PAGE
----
2)      Competition for capital.  In these increasingly volatile times, when tech companies can lose 95% of their value in a few weeks, the relative stability of debt instruments like bonds can appear mighty alluring.  As interest rates rise, nominal rates of return on bonds also rise, increasing their appeal to beleaguered investors seeking safety in turbulent times.  Less capital chasing tech stocks equals fewer bids, lower volume, and lower prices.

3)      Reduced Demand/Sales.  The technology companies ultimately need to sell their products to earn a living, just like “traditional” companies.  As “traditional” companies and consumers feel the bite of higher interest rates, more of the funds they have been spending on technology products will be diverted to financing increasing debt loads in a higher interest rate environment.  This also can become a vicious circle, as the customers of the customers of the tech companies are also tightening their belts and eliminating non-essential projects, like annual information technology upgrades.  The compound effect throughout the economy and tech customer base of rate hikes could eventually be quite astounding.


Rising interest rates fundamentally alter capital flows and expenditures for the entire economy, and the NASDAQ will not be exempt from the effects of the Federal Reserve’s current tightening cycle.  Indeed, due to NASDAQ’s stellar valuations built on assumptions of the best of all worlds for many years into the future, these stocks may be hurt far more from the rate hikes than more “traditional” companies selling at more reasonable valuations.  Investors willing to climb up to the top of the NASDAQ cable car, don the harness, clip on the rubber rope, survey the carnage on the landscape below, and still jump are either at the pinnacle of contrarian courage or the depths of greedy folly.  The future will make the judgement and tell the tale.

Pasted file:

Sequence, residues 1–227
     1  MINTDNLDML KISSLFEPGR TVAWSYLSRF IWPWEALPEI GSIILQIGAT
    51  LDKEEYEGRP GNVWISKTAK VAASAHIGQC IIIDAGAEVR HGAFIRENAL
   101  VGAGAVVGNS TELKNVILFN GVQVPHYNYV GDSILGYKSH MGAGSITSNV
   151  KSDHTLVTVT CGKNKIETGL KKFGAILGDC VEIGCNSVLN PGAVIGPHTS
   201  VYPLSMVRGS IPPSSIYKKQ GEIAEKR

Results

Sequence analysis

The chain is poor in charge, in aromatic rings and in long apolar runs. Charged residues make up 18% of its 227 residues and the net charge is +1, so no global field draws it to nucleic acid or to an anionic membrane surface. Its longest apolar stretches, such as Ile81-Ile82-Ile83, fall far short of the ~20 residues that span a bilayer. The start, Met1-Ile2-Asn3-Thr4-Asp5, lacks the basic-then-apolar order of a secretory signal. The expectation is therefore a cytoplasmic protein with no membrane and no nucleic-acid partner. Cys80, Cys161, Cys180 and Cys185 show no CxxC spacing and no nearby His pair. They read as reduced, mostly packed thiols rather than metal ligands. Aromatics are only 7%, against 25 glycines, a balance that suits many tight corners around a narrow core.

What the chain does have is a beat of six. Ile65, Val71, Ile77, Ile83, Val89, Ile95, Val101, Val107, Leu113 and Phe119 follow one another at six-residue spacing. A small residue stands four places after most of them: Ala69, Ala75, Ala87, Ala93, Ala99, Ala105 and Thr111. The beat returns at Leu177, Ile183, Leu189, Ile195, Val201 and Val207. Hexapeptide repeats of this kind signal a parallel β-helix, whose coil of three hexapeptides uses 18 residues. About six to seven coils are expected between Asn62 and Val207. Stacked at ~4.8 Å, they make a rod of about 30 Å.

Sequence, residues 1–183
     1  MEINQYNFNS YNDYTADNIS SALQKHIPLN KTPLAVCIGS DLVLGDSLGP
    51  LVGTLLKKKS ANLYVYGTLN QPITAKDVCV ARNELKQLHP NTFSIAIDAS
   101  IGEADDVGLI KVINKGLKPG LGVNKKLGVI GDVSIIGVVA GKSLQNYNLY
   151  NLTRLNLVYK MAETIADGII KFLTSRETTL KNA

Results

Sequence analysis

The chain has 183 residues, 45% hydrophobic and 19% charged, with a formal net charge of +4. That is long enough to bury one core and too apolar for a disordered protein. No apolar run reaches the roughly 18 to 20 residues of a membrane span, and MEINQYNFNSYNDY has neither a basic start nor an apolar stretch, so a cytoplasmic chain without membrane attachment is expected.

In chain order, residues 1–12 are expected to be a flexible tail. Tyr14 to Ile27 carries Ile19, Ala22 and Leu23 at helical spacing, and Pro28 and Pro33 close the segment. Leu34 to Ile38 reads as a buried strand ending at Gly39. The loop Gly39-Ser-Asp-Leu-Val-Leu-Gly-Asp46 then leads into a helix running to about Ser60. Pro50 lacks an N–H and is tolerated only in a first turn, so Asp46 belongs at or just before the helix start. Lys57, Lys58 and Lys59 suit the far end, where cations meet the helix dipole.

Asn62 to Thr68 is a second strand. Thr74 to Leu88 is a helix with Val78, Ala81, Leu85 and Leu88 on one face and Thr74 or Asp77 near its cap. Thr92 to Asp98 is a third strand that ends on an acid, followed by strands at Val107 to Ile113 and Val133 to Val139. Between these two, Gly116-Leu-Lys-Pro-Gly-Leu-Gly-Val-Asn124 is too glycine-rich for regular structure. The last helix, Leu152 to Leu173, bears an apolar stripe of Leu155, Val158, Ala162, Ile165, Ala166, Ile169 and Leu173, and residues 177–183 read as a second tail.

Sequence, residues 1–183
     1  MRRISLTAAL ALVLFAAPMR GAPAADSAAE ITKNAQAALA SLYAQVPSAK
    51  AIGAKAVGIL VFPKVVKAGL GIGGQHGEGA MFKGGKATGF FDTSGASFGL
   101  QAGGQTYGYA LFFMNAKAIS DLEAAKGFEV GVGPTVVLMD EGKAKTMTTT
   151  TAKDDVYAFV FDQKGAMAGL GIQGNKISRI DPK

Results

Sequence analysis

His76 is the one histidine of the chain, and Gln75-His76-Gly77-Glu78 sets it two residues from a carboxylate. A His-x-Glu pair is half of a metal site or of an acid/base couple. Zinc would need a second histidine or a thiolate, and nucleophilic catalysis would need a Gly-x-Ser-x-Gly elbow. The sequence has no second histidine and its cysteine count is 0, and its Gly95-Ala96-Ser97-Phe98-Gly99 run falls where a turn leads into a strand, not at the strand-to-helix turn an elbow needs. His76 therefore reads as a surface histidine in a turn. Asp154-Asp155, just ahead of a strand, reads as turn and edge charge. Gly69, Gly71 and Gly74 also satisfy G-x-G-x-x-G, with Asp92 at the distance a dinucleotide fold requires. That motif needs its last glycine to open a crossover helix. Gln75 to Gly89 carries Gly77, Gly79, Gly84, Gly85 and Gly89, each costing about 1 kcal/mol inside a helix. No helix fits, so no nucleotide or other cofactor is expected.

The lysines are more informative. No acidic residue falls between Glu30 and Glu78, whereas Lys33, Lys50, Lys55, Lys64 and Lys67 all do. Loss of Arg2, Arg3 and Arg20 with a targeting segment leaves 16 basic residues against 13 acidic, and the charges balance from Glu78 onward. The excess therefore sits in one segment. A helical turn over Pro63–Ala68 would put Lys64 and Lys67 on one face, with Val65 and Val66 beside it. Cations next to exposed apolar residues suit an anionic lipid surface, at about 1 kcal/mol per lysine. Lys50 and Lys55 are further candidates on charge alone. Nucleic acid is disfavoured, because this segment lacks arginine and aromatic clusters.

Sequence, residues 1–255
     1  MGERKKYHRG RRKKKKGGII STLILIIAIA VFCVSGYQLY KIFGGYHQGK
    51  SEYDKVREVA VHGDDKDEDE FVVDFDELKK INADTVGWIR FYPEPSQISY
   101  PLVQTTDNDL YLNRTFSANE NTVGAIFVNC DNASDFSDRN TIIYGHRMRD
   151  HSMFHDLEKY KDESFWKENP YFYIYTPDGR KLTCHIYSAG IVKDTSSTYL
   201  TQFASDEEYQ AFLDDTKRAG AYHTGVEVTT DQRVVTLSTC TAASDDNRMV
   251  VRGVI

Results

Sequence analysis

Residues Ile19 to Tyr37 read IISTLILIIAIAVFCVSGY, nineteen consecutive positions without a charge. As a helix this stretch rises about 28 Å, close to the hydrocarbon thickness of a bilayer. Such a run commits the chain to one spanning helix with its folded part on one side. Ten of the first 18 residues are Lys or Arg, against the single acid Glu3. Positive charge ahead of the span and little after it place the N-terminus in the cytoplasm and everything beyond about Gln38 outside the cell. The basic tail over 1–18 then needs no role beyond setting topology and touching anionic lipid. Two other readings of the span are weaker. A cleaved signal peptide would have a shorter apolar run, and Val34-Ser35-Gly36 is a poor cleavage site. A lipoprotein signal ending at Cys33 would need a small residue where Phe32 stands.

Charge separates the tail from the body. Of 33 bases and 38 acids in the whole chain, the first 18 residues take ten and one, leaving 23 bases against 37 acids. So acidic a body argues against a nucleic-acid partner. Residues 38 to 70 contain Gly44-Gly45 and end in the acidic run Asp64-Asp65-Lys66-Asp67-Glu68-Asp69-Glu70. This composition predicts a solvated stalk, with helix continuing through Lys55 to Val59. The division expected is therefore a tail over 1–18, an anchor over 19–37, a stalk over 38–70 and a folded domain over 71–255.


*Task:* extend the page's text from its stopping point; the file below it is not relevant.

Last week we discussed the IPO market, including how AT&T Wireless, the biggest IPO ever, was trading well below the offering price.  That trend continues this week, with AWE now trading at an ugly $26.50.  In addition, more bad news accretes on the new company front.  After an IPO, inside investors are usually prohibited from selling their stock in the new company for six months.  In May, over $100b of IPO stock finishes its lockup period, potentially swamping a market that is barely treading water with a fresh supply of paper.  Monday, for example, eight new companies’ insiders were released from lockup.  The largest of these companies, Agilent Technologies (A), represented over 95% of the market capitalization of this group.  Agilent was hammered for an incredible 26% this week, three of the companies (IMAN, RMKR, WEBS) lost more than 13% of their value this week, one (RETK) lost 5%, one (ALSK) was unchanged, and only two (SMMX, MSLV) had significant gains on the week.  As more and more lockups expire, the added supply of stock will continue to drive down prices of most of these formerly high-flying IPO companies.